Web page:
Whilst Christ was upon Earth he was the supreme Independent Head of al the Churches, and so remains to the end of the World; for it was he that chose, and made the Body his Church, and not the Body him to be their Head: so that other Heads besides him there never was, never will be. Go­vernors and Rulers there are and may be, God having given the Body power over it self. After his Ascension having given them their Commission, viz. Go ye and teach al Nations, baptizing them in the Name of the Father, and of the Son, and of the Holy Ghost, teaching them to observe al things whatsoever I have commanded you, Matth. 28.19, 20. and having filled all the Apostles with the Holy Ghost, according to his promise, and endued them with tongues they departed, and separated and gathered several Congregations or Churches, so that the sound went into al the earth, and their words unto the ends of the world, Rom. 10.18. According as Christ had told them, You shal receive power after the Holy Ghost is come upon you, and ye shal be Witnesses unto me both in Jerusalem and in al Judaea, and in Samaria, and unto the uttermost part of the Earth, Act. 1.8. preaching repentance and re­mission of sins in his name among all Nations, beginning at Jerusalem, Luke 24.47. And thou hast redeemed us to God by thy blood out of every Kindred, and Tongue, and People and Nations, Rev. 5.9.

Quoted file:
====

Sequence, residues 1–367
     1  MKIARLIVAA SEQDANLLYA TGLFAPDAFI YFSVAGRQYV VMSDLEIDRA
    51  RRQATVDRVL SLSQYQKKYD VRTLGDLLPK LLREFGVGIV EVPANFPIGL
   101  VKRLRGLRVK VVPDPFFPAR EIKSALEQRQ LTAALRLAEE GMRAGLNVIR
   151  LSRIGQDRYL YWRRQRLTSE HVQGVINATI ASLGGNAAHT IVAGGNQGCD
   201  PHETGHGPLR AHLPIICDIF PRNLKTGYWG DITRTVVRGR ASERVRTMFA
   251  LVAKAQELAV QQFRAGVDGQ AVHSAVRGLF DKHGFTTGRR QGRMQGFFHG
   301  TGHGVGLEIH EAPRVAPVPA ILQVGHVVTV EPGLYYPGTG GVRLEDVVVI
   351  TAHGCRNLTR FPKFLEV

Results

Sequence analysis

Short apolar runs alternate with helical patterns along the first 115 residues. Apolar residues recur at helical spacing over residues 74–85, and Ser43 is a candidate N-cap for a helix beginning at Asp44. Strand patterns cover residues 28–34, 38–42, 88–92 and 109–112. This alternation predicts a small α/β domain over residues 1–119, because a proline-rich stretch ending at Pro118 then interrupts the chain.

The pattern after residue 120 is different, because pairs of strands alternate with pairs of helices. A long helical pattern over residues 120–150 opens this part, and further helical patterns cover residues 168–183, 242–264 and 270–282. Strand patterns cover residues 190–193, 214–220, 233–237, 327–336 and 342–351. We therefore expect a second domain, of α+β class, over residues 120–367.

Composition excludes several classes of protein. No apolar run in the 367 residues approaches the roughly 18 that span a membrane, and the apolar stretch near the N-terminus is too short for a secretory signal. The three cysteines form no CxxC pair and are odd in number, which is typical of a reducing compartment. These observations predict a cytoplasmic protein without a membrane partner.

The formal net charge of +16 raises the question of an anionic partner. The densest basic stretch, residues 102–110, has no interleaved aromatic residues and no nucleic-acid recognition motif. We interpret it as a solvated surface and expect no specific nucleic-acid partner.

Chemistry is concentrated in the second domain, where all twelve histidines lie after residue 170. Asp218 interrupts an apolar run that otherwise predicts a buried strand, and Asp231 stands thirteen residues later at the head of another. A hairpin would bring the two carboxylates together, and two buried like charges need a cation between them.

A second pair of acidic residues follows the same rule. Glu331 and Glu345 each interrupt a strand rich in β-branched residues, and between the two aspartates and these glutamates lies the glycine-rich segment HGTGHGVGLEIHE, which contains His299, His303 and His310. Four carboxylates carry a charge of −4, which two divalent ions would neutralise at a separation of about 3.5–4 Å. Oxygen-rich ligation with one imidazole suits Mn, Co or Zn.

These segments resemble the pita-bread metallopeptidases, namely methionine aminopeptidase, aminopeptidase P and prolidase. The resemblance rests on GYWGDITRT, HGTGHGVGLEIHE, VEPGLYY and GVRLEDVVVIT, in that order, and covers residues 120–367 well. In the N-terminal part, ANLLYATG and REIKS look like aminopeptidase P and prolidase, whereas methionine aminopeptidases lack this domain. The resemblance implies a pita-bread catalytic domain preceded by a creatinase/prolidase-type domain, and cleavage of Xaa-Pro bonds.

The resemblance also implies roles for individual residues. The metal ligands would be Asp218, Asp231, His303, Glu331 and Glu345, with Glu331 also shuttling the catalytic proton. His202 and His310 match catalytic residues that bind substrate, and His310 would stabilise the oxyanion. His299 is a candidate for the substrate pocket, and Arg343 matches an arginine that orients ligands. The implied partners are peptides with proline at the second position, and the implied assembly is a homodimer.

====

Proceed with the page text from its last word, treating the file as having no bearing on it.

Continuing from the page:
As Palestine had the honour and happiness to have the Saviour of the World to be born in her after a wonderful manner, and there first to teach his Doctrins, the glad tydings of the Gospel, and by his death, there to seal eternal salvation to Mankind, and there by his miraculous Resurrection to becom the first fruits of them that slept, and swallowing up death in victory: And after his glorious and joyful Resurrection, having led capti­vity captive, he gave gifts unto Men, and called some to be his Apostles, some, &c. who after they had chosen Mathias in the place of Judas the Traitor, and cloven Tongues like as fire having sate upon each of them, and al filled with the Holy Ghost; and having preached the Gospel at Je­rusalem, and thereabouts, and done many miracles whereby the Word of God and the number of Disciples daily increasing from 120 unto 3000 and more, and more daily accruing: the chief Pontiffs and Saduces being grieved that they taught the people, and preached through Jesus the resur­rection of the dead, began to persecute them (which seem to be the same year that Christ was crucified, viz. Anno Aetatis suae 33. and 18 Tibe­rii) scourging some, and killing others; which persecution occasioned divers of the Brethren to withdraw themselves into neighbouring places, which gave opportunity to the Gospel to be more universally spread throughout Palestine (the Apostles yet remaining in Jerusalem, Act. 8. who afterwards dispersing themselves also spread the Gospel into al Nations) after this sort and manner, viz. when a certain number of Brethren being convert­ed and well instructed in the true faith agreed among them themselves to build or hire a Temple, Tabernacle, or House, for their joynt meetings and exercising of their Religion, hired a Priest, and constituted a Church; and as the number encreased so that one Church and Priest being not sufficient for them al, those who were most remote did build another, and fit them­selves with more conveniences. And about the end of the first Century or beginning of the second, for good order and concord, and for civility and respect they did bear to their Bishop or Priest, custom began to include his consent also, which in process of time soon degenerated into usurpation by the Artifices of the Priests or Bishops, of which Rome in process of time taking hold, made great use to the abusing of the power of the Brethren, and to incroach upon the priviledges of the Body of the Church.